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How to stop being late for everything and change your ways for good

Sick of turning up late to everything? Read this expert advice on how you can change your habits and your mindset and start being on time.

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Being a late person is something you might consider an unfortunate, but inevitable, part of your personality. Always rushing for a train even after promising yourself to leave five minutes earlier, missing appointments, or being the member of your family or friendship group who others simply expect to turn up at least 15 minutes after everyone else. If any of this is sounding painfully relatable, you probably don’t need anyone to tell you just how much being late can negatively impact your life.

Being late may seem like a big part of the way you live your life but there are some ways in which you can change that. Typical advice for those who are late often comes from people who already have brilliant timekeeping skills and have no idea what it’s like to constantly turn up late for things even after taking several steps to avoid it. That’s why Grace G Pacie, who has been a late person for her entire life, wrote the book, Late: A Timebender’s Guide To Why We Are Late And How We Can Change, providing practical advice for late people that actually works.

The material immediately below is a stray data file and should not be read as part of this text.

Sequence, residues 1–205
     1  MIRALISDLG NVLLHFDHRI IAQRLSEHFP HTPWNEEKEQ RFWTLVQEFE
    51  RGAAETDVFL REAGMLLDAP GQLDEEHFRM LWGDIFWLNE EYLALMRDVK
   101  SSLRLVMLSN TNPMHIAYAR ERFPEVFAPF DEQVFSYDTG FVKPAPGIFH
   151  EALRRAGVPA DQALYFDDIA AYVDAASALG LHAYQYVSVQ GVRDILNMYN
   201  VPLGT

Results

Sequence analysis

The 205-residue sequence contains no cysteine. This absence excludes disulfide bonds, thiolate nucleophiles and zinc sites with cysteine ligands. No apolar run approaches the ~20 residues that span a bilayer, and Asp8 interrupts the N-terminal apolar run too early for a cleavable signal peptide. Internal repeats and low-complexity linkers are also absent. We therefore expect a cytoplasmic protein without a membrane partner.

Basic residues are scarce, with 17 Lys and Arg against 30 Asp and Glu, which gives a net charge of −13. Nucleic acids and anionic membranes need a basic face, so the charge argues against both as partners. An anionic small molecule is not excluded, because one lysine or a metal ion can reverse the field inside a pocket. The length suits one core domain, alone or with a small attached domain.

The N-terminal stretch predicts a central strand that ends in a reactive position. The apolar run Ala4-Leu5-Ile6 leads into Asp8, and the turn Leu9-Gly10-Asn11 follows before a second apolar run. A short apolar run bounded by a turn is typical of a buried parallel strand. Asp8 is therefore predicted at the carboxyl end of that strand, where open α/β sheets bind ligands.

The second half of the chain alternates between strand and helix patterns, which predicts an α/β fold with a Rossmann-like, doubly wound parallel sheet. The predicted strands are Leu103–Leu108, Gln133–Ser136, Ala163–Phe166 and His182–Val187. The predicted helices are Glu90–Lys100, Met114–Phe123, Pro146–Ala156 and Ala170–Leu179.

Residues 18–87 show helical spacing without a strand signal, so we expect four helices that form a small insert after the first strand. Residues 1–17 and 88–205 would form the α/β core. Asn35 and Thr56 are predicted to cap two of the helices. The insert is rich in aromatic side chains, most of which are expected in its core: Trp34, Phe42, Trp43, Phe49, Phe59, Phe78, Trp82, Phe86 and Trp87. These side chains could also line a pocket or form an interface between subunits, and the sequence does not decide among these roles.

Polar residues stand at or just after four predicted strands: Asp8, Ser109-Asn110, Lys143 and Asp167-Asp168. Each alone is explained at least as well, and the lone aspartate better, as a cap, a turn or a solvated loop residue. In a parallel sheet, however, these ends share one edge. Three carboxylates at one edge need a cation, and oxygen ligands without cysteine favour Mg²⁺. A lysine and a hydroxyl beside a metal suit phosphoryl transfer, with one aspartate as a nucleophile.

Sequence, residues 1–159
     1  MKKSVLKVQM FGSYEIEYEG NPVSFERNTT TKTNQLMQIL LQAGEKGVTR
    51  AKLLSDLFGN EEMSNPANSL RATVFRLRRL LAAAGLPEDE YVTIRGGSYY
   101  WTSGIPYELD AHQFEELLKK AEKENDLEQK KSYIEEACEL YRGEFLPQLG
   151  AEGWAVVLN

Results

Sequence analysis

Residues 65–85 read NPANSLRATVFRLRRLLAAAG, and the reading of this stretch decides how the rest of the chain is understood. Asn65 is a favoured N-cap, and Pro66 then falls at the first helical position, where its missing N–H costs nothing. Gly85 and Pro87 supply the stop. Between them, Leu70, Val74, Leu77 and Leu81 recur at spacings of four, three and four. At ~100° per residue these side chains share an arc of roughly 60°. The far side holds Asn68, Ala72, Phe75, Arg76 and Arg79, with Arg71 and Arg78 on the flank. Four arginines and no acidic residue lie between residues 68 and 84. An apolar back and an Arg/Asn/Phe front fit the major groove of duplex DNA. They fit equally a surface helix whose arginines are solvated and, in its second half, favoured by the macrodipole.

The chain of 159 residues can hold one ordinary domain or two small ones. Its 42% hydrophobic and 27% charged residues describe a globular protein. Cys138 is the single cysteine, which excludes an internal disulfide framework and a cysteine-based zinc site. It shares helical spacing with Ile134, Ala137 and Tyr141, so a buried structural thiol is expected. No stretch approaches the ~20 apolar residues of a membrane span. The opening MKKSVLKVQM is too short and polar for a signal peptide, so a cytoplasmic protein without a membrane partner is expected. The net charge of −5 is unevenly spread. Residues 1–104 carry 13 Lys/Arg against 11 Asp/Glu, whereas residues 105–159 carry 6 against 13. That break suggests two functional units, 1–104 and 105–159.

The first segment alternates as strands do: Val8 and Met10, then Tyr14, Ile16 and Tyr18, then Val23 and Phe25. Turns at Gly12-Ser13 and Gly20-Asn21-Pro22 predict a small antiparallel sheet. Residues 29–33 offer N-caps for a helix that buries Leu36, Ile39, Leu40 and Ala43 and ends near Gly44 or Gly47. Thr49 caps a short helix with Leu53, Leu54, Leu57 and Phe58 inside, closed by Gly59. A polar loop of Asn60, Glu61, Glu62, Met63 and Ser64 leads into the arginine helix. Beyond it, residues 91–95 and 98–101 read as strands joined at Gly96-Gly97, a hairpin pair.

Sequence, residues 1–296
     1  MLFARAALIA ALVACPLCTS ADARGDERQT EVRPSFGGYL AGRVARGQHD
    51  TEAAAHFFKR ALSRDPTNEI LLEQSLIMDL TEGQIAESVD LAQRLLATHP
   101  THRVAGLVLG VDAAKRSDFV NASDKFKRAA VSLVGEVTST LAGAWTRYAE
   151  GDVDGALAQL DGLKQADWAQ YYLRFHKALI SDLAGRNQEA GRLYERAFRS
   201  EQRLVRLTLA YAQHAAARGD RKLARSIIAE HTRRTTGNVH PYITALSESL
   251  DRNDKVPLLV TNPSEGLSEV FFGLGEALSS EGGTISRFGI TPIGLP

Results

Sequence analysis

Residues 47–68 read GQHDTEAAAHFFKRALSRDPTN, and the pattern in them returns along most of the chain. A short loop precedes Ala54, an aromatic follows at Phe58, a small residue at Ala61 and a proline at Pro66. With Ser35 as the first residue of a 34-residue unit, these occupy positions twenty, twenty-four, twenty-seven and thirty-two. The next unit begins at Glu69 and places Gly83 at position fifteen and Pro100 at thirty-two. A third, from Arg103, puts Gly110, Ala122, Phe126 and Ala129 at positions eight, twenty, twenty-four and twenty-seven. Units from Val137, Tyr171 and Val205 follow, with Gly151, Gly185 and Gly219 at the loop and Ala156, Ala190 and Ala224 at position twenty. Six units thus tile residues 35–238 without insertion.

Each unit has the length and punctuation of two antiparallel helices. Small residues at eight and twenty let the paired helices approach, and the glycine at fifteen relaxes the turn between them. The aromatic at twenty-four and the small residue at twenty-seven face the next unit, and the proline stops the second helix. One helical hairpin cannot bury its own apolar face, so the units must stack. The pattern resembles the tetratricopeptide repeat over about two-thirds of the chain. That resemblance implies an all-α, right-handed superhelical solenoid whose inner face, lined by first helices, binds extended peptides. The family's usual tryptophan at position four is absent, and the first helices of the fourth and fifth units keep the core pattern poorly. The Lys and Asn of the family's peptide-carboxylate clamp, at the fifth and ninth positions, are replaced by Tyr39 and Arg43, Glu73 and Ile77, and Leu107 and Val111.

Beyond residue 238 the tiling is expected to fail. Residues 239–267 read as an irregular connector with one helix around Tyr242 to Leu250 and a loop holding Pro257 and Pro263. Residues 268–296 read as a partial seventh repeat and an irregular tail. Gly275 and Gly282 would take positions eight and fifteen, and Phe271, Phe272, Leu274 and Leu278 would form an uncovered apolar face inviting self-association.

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Grace has identified seven common reasons why people are late. If you can figure out which of these are relevant to you, you might just be able to start getting over your lateness for good, with the help of Grace’s expert advice. 

Seven reasons why you’re late for things

1. You hesitate to finish things

“One reason why you might end up being late is that you don’t close things down until the last minute and once you’re stuck into something, you don’t want to move on,” Grace says. She explains that this often leads to you frantically running around at the last minute.

2. You don’t like being early

“You probably always tell yourself that you’ll be early next time but you always end up delaying leaving on time, squeezing one more thing in before you leave,” Grace says. She adds that you might also find the experience of being early uncomfortable and boring.